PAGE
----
#8 – 1857 1c Franklin, blue, type III

Condition
Price
Qty
- Mint Stamp(s)
Call for Availabilty.i
$0.00
Call for Availability
- Used Single Stamp(s)
Usually ships within 60 days.i$2,500.00
$2,500.00
- Unused Stamp(s) (small flaws)
Usually ships within 90 days.i$5,500.00
$5,500.00
- Used Stamp(s) (small flaws)
Usually ships within 30 days.i$1,850.00
$1,850.00
2 More - Click Here
Mounts - Click Here
Condition
Price
Qty
- MM637215x32mm 25 Horizontal Strip Black Split-Back Mounts
Ships in 1-2 business days.i
$7.95
$7.95
- MM76830x32mm 25 Vertical Black Split-Back Mounts
Ships in 1-2 business days.i
$3.25
$3.25
U.S. #8
1857 1¢ Franklin, blue, imperf.
Type III
 
The Series of 1851-57
In 1851, Congress reduced postal rates. These new rates practically eliminated distance as a factor and created a need for new denominations. The 1¢ stamp was used on all mail up to 3 ounces and on “drop letters” which were mailed to the same town. The single letter rate, based on a half ounce, was changed to 3¢ for mail not over a distance of 3,000 miles. Mail exceeding this distance was lowered to 6¢. In 1855, the rate for letters over 3,000 miles changed to 10¢.
 
Prepayment was still optional. If postage was paid by the addressee upon receipt, the rate was higher. Due to increased collect rates, the use of postage stamps was greatly stimulated. In 1855, pre-payment was made compulsory.
 
Earliest Known Use:  September 21, 1851
Printed By:  Toppan, Carpenter & Co.
Method:  Flat plate
Watermark:  None
Perforation:  Imperforate
Color:  Blue
Quantity Printed:  12,300,000 (estimate)
 
U.S. #8 is the Series of 1851-57 1¢ Franklin Type III. Both its top and bottom lines are broken in varying degrees, while the ornaments on the sides are complete. Approximately 12,300,000 Series of 1851-57 1¢ Franklin stamps were produced. Only Plates 2 and 4 created the Type III stamp (U.S. #8). In addition, only one stamp from Plate 2 is Type III (position 99R2), making it the scarcest of this type.
 
Types or varieties occur when a stamp has differences that vary from the way it was originally intended to be printed. These differences occur when the design is being transferred to the plate for printing or when lines are re-cut.
 
The design is engraved on a die – a small, flat piece of steel. The design is copied to a transfer roll – a blank roll of steel. Several impressions or “reliefs” are made on the roll. The reliefs are transferred to the plate – a large, flat piece of steel from which the stamps are printed. When the design is being transferred to the roll or plate, differences can occur. A damaged plate or foreign matter causes differences. Lines re-cut on a worn plate can result in double lines.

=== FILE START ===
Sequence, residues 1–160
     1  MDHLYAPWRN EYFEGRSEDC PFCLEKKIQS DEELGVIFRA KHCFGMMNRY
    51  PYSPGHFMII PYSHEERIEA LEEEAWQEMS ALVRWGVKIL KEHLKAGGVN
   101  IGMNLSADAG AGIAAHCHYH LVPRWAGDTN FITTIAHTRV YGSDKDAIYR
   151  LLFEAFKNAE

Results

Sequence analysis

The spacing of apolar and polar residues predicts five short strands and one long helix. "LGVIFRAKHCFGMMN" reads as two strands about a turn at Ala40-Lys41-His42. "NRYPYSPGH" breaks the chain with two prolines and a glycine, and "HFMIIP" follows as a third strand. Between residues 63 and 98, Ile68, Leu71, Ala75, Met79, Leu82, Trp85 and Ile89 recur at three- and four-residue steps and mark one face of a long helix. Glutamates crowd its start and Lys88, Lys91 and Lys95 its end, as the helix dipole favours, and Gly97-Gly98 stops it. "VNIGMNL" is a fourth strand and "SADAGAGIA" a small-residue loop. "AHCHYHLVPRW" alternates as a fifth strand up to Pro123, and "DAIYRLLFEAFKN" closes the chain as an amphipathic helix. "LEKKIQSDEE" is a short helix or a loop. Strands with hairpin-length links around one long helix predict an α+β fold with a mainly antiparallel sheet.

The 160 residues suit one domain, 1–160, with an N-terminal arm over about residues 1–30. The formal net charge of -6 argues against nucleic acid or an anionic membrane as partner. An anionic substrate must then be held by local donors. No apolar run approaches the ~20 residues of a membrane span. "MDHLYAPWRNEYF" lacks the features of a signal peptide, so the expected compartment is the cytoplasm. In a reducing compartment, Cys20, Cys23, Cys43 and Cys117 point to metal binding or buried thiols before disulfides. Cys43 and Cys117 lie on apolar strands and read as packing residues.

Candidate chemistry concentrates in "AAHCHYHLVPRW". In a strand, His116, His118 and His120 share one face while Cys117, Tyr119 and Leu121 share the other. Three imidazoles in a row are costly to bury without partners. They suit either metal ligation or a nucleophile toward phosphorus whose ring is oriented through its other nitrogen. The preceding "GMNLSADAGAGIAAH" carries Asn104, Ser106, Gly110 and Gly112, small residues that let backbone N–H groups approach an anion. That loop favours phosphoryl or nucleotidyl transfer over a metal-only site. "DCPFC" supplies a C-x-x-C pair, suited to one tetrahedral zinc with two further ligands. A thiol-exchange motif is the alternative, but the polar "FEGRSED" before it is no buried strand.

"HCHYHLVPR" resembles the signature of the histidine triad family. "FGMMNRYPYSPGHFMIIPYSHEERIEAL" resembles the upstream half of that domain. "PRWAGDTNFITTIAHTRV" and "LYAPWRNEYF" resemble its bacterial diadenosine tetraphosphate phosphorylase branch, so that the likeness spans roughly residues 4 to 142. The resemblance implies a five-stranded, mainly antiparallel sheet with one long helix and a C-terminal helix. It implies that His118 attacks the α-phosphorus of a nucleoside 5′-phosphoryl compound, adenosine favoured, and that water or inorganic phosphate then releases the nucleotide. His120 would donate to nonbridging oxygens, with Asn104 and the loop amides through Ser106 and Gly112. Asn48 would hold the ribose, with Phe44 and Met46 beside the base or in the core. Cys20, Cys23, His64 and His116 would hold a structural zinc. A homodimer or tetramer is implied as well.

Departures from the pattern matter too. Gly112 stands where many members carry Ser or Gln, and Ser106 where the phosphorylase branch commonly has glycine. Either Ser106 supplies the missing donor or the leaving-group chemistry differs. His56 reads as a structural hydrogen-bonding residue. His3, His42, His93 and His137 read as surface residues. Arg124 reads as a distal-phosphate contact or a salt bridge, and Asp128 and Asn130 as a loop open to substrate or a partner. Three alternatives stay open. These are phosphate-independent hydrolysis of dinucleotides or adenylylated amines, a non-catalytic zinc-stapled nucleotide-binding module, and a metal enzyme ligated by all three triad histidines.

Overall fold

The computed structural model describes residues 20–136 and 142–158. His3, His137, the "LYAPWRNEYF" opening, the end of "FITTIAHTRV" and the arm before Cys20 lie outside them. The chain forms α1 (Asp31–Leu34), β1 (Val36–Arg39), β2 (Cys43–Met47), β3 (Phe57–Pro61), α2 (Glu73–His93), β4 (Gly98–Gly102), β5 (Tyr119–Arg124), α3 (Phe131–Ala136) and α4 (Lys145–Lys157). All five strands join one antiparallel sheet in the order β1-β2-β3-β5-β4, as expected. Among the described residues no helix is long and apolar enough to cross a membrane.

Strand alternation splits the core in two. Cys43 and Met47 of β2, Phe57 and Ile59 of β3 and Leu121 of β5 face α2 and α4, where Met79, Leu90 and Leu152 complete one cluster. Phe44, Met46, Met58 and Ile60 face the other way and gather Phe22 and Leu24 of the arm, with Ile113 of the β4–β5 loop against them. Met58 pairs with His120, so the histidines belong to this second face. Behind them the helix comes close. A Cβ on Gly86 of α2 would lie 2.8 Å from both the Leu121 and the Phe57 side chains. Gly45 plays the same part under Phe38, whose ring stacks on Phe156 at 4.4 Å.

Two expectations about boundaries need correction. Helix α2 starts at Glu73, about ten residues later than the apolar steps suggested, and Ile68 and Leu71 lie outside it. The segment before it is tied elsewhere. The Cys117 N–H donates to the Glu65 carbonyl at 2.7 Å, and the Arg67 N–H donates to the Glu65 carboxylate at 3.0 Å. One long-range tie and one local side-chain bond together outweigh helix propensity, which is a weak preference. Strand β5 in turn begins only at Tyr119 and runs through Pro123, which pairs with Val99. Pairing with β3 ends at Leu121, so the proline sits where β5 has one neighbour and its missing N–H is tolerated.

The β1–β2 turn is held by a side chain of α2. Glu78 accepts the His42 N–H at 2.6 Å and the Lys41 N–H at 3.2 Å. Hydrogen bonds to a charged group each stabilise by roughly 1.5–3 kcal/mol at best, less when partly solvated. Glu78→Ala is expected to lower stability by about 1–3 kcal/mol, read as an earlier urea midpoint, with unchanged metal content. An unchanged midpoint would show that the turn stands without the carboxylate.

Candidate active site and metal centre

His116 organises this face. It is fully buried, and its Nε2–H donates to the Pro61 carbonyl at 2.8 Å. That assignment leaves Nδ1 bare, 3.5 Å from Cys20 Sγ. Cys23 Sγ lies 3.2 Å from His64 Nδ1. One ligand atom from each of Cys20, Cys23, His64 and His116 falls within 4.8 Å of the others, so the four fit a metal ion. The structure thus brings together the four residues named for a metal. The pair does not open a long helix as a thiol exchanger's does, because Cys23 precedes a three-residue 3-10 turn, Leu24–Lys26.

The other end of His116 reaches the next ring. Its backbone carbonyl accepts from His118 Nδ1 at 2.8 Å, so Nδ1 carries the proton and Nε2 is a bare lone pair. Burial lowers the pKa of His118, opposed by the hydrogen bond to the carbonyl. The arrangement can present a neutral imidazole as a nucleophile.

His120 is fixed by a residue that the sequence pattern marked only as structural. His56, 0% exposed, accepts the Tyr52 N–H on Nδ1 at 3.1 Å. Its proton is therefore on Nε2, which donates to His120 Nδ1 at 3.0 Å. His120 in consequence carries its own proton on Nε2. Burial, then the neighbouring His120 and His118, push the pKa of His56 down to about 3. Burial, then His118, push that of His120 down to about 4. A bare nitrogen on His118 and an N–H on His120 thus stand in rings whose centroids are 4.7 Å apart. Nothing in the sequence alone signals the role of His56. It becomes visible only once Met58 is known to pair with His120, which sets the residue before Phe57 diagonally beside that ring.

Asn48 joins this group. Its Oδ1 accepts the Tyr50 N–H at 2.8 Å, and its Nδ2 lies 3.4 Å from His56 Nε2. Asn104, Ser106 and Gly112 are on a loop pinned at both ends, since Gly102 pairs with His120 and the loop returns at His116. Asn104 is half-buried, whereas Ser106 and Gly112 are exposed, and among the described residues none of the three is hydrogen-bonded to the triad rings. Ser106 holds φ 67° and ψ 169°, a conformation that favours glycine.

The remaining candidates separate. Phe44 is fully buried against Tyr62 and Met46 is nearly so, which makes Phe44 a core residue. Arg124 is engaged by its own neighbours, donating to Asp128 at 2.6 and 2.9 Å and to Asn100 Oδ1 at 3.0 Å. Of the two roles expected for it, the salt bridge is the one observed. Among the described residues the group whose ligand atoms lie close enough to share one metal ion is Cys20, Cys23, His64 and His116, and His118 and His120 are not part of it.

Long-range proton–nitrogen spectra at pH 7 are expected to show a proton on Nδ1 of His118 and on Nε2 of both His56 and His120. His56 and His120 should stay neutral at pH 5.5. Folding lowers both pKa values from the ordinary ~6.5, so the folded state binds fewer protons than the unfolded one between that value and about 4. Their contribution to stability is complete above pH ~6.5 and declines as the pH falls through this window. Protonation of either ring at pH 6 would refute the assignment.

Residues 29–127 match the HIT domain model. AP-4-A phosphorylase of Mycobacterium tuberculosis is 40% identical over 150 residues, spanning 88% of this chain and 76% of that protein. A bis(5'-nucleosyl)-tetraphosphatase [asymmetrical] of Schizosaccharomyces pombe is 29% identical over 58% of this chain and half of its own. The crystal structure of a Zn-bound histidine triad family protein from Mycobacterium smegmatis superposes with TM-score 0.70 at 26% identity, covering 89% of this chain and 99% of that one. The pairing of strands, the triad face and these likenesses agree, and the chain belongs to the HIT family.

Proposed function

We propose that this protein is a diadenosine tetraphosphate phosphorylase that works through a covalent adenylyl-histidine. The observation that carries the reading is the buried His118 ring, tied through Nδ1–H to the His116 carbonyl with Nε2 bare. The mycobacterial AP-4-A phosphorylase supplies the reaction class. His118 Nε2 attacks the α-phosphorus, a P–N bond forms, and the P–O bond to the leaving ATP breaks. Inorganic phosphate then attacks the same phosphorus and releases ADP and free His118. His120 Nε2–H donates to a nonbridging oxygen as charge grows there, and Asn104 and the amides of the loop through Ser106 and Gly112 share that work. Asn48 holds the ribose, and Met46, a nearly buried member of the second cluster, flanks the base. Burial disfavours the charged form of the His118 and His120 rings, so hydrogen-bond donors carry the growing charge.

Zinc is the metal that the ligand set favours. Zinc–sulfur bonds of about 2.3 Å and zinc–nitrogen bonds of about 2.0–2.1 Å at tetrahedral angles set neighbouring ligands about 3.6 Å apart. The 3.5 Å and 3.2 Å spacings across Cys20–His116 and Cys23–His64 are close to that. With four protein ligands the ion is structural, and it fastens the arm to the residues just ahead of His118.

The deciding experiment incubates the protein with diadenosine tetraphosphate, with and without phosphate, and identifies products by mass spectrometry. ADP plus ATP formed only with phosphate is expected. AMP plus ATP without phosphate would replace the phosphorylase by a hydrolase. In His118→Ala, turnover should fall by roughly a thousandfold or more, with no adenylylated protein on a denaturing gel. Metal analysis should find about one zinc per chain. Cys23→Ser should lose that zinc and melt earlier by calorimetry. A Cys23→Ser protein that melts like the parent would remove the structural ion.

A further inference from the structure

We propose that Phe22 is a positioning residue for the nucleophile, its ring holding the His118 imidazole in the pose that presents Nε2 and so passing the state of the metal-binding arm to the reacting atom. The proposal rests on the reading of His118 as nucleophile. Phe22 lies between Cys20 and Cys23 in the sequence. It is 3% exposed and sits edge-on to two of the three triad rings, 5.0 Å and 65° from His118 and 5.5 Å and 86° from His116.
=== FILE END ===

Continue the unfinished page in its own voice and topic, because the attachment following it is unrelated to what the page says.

Read More - Click Here


  • Latvia Map Stamps - Imperforate block of 16 with map on reverse, one imperforate single plus FREE album page and mounts Latvia Map Stamps

    Own rare World War I stamp artifacts most collectors have never even seen.  The first stamps of Latvia – printed on German military maps over 100 years ago. Order yours today!

    $36.95
    BUY NOW
  • Legends of Baseball, Artcraft First Day Portraits, Set of 5 Legends of Baseball First Day Cover Set
    This set includes five special-edition First Day Covers featuring the 2000 Legends of Baseball US stamps. Each cover was canceled on the stamps' first day of issue and includes a large vintage photograph of the baseball player pictured on the stamp. Order yours today!
    $29.95
    BUY NOW
  • Legends of Hollywood Full Pane Cover Mix - selections may vary Legends of Hollywood Full Pan Cover Mix
    These panes are really neat – they feature additional images of each star plus a brief biography.  These full pane covers were produced in small numbers. Selections vary – let us choose five covers to add to your collection today.
    $49.95
    BUY NOW

U.S. #8
1857 1¢ Franklin, blue, imperf.
Type III
 
The Series of 1851-57
In 1851, Congress reduced postal rates. These new rates practically eliminated distance as a factor and created a need for new denominations. The 1¢ stamp was used on all mail up to 3 ounces and on “drop letters” which were mailed to the same town. The single letter rate, based on a half ounce, was changed to 3¢ for mail not over a distance of 3,000 miles. Mail exceeding this distance was lowered to 6¢. In 1855, the rate for letters over 3,000 miles changed to 10¢.
 
Prepayment was still optional. If postage was paid by the addressee upon receipt, the rate was higher. Due to increased collect rates, the use of postage stamps was greatly stimulated. In 1855, pre-payment was made compulsory.
 
Earliest Known Use:  September 21, 1851
Printed By:  Toppan, Carpenter & Co.
Method:  Flat plate
Watermark:  None
Perforation:  Imperforate
Color:  Blue
Quantity Printed:  12,300,000 (estimate)
 
U.S. #8 is the Series of 1851-57 1¢ Franklin Type III. Both its top and bottom lines are broken in varying degrees, while the ornaments on the sides are complete. Approximately 12,300,000 Series of 1851-57 1¢ Franklin stamps were produced. Only Plates 2 and 4 created the Type III stamp (U.S. #8). In addition, only one stamp from Plate 2 is Type III (position 99R2), making it the scarcest of this type.
 
Types or varieties occur when a stamp has differences that vary from the way it was originally intended to be printed. These differences occur when the design is being transferred to the plate for printing or when lines are re-cut.
 

The design is engraved on a die – a small, flat piece of steel. The design is copied to a transfer roll – a blank roll of steel. Several impressions or “reliefs” are made on the roll. The reliefs are transferred to the plate – a large, flat piece of steel from which the stamps are printed. When the design is being transferred to the roll or plate, differences can occur. A damaged plate or foreign matter causes differences. Lines re-cut on a worn plate can result in double lines.